WASHINGTON – Imagine a vicious velociraptor like those in "Jurassic Park," but only as big as a modern chicken.
That's what Canadian researchers say they have found, the smallest meat-eating dinosaur yet discovered in North America.
This pint-sized cousin of velociraptor, weighing in at 4-to-5 pounds, "probably hunted and ate whatever it could for its size — insects, mammals, amphibians and maybe even baby dinosaurs," according to Nicholas Longrich of the University of Calgary.
The creature lived 75 million years ago in the swamps and forests of southern Alberta, Longrich and colleague Philip J. Currie report in Tuesday's edition of Proceedings of the National Academy of Sciences.
There has been plenty of evidence for large and medium-size dinosaurs in North America, but not small ones, Longrich said in a telephone interview. Now researchers see there was a dinosaur filling that niche also.
The bones of the small raptor were discovered among fossils that had been collected a quarter-century ago and remained in a museum drawer, Longrich explained.
Similar small dinos have been uncovered in China in the last few years, and studying those helped the researchers identify this North American version.
"It was hard to tell because it was still encased in rock," Longrich said. "It is only because I had been studying the Chinese dinosaurs I could tell what it was."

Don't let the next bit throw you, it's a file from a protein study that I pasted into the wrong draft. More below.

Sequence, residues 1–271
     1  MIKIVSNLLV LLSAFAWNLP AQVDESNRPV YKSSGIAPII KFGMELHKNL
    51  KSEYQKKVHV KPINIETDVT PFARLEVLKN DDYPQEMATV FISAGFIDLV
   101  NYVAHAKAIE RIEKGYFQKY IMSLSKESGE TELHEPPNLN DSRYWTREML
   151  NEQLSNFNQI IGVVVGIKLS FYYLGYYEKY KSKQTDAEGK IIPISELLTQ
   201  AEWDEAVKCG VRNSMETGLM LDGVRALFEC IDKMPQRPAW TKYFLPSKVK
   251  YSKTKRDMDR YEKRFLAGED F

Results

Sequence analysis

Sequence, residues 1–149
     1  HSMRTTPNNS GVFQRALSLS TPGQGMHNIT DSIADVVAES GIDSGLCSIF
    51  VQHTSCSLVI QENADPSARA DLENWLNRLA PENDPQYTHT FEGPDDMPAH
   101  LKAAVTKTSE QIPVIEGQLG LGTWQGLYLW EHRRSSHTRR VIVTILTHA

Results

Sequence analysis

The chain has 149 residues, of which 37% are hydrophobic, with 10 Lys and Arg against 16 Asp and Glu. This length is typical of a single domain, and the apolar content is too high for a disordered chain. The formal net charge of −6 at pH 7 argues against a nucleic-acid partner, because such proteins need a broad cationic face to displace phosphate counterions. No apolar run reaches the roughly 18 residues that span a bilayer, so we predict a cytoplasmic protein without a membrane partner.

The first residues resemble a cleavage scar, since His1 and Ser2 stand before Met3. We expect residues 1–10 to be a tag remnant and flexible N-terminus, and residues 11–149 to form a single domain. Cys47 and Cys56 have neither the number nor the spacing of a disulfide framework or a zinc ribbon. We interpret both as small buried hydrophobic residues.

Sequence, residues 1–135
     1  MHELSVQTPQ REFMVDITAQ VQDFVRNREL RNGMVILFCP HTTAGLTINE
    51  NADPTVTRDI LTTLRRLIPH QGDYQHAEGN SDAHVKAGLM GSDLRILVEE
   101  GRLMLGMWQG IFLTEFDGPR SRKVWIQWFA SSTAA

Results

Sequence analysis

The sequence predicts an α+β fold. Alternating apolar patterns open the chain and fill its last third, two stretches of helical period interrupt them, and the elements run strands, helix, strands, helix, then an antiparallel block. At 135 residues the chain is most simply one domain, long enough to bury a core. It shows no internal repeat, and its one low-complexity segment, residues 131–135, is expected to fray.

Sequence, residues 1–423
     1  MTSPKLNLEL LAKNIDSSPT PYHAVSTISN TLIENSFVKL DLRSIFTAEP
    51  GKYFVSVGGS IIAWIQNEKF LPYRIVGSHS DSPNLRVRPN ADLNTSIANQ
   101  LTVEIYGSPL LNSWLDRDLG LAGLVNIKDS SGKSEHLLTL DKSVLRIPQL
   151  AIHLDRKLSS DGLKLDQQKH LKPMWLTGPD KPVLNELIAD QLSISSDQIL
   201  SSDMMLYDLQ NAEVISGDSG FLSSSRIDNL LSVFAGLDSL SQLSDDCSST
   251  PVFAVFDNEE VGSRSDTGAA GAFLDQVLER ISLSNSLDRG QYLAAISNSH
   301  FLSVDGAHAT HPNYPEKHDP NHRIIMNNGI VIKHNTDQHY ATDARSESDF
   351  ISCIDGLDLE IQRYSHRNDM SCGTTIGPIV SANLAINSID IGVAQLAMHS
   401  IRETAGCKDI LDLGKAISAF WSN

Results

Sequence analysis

"Once we got it out of the rock it was a pretty nice specimen," he added.
Like the velociraptor, the tiny raptor had claws.
At first the small claws were thought to come from juveniles, Longrich said. "But when we studied the pelvis, we found the hip bones were fused, which would only have happened once the animal was fully grown."
Previously the smallest carnivorous dinosaurs found in North America have been about the size of a wolf.
The creature has been named Hesperonychus elizabethae, after the late Canadian paleontologist Elizabeth "Betsy" Nicholls, who recovered the specimen.
Hesperonychus means "western claw," a reference to the enlarged sickle-shaped claw on its second toe.
The find "emphasizes how little we actually know, and it raises the possibility that there are even smaller ones out there waiting to be found," said Longrich.
Matthew Carrano, a paleontologist at the Smithsonian's National Museum of Natural History, agreed.
"I think there's increasing awareness among vertebrate paleontologists that we have overlooked a lot of small species of dinosaurs. They are harder to find, but also the early history of our science had a lot to do with finding the big and impressive specimens," said Carrano, who was not part of Longrich's team.
"I would predict that the diversity of small dinosaurs will continue to go up in the coming years, all over the world," Carrano said.